With just one set of music left, anticipation levels were high as we wondered what the band would do to end such an amazing weekend. The 80’s classic “The Safety Dance” kicked things off and from there the band let it all hang out and played one of their best set in years. The spectral sounding intro and first sections of “Crickets” smoothly transformed into yet another rowdy dance party turning into “Ganster” before slowing things down to an almost Dub pace. At this point Barber started to tease the licks to “Spacebirdmatingcall” and this Dubbed out tease slowly gave way to a full on segue as the band peaked the “Spacebird” one more time for good measure. From there “Crickets” hopped and bopped its way to a massive peak that sent the entire room into a frenzy. These mammoth peaks are yet another staple of the band’s catalog and this “Crickets” may have been the best peak of the weekend. The band wasn’t ready to release their stranglehold on the audience as yet another dance assault led into “Helicopters” before closing the set with the joyous ending to “Hot Air Balloon” and completing the version they started on Friday night. As the blissful back and forth built up it was all smiles from the band and crowd alike and the “HAB,” though not perfectly executed, was a fitting way to end the set. As the band returned to the stage to thunderous applause from the packed room the siren like intro riff to “Rock Candy” signaled that we still had one more serious chance to throw down and dance our asses off before the weekend was completely over. “Rock Candy” indeed delivered on that chance and the band once again took their bows, reveling in the ovation from a crowd that got just about all they could handle on a Sunday night.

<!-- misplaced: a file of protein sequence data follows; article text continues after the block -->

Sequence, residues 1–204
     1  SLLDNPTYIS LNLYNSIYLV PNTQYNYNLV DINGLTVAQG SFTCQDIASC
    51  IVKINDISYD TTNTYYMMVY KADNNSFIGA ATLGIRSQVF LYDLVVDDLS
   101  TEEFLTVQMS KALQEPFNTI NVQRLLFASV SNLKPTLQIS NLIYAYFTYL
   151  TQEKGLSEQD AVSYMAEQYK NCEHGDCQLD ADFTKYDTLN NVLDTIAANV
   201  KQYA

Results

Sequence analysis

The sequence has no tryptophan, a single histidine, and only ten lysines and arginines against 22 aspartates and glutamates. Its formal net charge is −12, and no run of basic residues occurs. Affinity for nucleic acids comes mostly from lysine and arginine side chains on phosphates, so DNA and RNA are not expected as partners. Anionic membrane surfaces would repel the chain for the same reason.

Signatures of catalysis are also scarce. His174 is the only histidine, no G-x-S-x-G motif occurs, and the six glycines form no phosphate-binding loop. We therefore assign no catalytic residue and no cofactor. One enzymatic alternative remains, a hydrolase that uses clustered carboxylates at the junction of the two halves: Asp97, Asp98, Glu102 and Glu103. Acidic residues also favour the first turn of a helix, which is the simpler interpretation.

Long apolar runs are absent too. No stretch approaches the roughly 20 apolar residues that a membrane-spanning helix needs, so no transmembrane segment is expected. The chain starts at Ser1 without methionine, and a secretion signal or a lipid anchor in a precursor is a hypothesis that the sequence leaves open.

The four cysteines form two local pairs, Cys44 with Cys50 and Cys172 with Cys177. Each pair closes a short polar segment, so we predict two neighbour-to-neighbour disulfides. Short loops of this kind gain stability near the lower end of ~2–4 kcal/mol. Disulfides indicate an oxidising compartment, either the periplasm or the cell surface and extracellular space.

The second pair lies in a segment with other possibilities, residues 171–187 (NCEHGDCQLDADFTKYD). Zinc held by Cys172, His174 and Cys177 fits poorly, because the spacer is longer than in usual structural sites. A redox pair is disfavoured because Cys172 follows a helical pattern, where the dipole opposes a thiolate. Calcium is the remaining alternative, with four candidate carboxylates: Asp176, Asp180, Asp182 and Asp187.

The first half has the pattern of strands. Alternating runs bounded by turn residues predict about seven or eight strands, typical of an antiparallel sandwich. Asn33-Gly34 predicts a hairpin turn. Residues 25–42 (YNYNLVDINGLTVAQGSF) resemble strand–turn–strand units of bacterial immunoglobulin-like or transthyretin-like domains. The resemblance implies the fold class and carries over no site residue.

In closing; I had the pleasure of interviewing keyboardist Aron Magner last week [Read that interview here] before the run started and when I mentioned I was grateful that they decided to keep pushing and find a way to make these shows happen despite all the drama he said: “Lemonade Man!!! I think we made some lemonade and everyone is getting a pretty full blast of lemonade.” While this won’t go down as the greatest run in Disco Biscuit history, I think its safe to say that we all got a pretty healthy dose of some damn fine bisco lemonade.
Sunday, September 14, 2014
Set I: Hope -> Reactor (ending only), Strobelights & Martinis > Astronaut > Trooper McCue -> Bernstein & Chasnoff (ending only), I Remember When
Set II: Safety Dance > Crickets > Gangster > Spacebirdmatingcall > Crickets > Helicopters > Hot Air Balloon (ending only)
E: Rock Candy (Sinister Minister)
Stage Presence: B-
Set/Light Show: A+